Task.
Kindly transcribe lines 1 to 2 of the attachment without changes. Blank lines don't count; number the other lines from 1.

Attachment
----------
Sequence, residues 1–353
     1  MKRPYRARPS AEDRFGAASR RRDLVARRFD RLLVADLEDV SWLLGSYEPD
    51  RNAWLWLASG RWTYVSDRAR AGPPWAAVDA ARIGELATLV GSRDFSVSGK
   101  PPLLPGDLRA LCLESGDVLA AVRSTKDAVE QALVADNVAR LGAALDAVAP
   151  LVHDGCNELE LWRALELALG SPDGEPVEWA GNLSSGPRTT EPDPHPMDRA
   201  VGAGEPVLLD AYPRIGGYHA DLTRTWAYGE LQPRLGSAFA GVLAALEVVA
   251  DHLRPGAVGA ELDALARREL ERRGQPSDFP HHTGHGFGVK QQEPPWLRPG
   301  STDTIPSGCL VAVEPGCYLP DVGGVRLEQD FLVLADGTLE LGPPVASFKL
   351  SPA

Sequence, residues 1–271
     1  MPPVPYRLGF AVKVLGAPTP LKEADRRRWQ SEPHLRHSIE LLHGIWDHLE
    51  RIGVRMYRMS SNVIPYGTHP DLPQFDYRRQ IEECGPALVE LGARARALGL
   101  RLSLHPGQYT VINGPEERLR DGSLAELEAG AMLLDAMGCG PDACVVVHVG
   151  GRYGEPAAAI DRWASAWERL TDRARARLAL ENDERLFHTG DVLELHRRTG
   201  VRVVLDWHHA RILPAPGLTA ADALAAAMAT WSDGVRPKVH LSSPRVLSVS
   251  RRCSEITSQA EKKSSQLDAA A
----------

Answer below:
Sequence, residues 1–353
     1  MKRPYRARPS AEDRFGAASR RRDLVARRFD RLLVADLEDV SWLLGSYEPD